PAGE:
It’s been called the most beautiful highway in the world. That, as with most things, can be left to debate. What’s not debatable, however, is that the Beartooth Highway, which runs from Red Lodge Montana to Cooke City Montana via Wyoming, is a great place to ride a bike.
I had the opportunity to ride part of the highway to the summit on my way west to the Tour de Blast. Back in the day I had led backcountry skiing trips in the area but had never been there in the summer, let alone with my bike. So when I made plans with the other Keepers to join them for the TdB, Frank suggested I detour south of the interstate to ride the Beartooth. Frank’s suggestions, at least when it comes to cycling, are usually spot-on so I took him up on it.
I passed through Red Lodge, 5500 feet (1697m), and drove the highway to Cooke City, 7572 feet (2307m), the evening before my ride. This was a good opportunity to see what I was in for the next day. The road starts its ascent to 10,947 feet (3344m) right off the end of the main drag in Red Lodge. The road surface is phenomally smooth new blacktop which is barely wide enough for two cars to pass without pulling in the side mirrors. This was the case for 80 km over the pass and down about 1/3 of the other side. Thirty kilometers down on the Cooke City side of the pass, the road was under construction for about a 15 or 20 km stretch. Heavy equipment and road workers had the road torn up to one dirt lane for most of this stretch. It was at this point I had to make a decision. I either had to turn back and ride the Red Lodge side or drive back up through the construction in the morning and start the ride about 25 km short at the Top of the World Resort, 9400 feet (2865m) and ride to the summit from there.
I opted to drive back up from Cooke City in the morning. Although it meant considerably less riding it allowed me to ride the much more scenic side of the road. It’s not that the Red Lodge side is hard on the eyes it’s just the Cooke City side stays in the high alpine environment longer and is more dramatic. This side of the road is also steeper which I thought would be a more interesting test for my flatlander legs. As it turned out, the flatlander legs did fine on the average 10% grade. It was the flatlander lungs trying to suck oxygen at altitude that challenged me. I didn’t remember being as winded during my backcountry skiing career. All it took was a glance at my right thigh and I was up the road without a problem.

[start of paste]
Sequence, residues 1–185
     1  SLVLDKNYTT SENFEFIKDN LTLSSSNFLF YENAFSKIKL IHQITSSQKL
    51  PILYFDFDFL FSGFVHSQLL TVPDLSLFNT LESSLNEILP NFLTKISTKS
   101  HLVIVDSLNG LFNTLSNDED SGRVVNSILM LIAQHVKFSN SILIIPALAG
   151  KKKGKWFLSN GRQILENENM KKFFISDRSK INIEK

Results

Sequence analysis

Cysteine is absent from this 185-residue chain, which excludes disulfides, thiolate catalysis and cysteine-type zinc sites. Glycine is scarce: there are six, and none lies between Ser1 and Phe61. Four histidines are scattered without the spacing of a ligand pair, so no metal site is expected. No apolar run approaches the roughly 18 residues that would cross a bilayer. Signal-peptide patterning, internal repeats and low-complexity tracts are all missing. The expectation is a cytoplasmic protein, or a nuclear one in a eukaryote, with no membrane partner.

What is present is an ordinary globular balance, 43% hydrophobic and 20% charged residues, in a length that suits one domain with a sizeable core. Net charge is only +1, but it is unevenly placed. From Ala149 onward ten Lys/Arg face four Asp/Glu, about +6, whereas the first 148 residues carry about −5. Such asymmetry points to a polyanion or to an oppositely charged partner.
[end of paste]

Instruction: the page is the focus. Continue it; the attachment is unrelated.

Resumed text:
The ride was spectacular. It was not a stretch for my simple mind to imagine myself riding the Passo di Gavia as I passed through corridors of snowbanks 3 meters high. Marmots stood and watched me pass by from their rocky perches. Tourists gave me strange looks and even snapped pictures as they drove slowly past in their climate-controlled SUV’s (I was the only cyclist on the road that day for some strange reason). My Beartooth experience even came full circle as I saw a couple skiers hiking a ridge getting ready to earn their turns on an early summer corn harvest.
All in all I’d love to go back and do it again from both sides and from the bottom. As it turned out, it was the perfect yin to the Tour de Blast’s yang four days later. What the TdB lacked in weather and views, Beartooth Pass more than made up for in both categories. However, the TdB provided for great commeraderie with friends which was lacking on my solo ride up Beartooth. No worries, it’s a rare day that all the pieces of a perfect ride come together and this day was, for me, as good as cycling gets.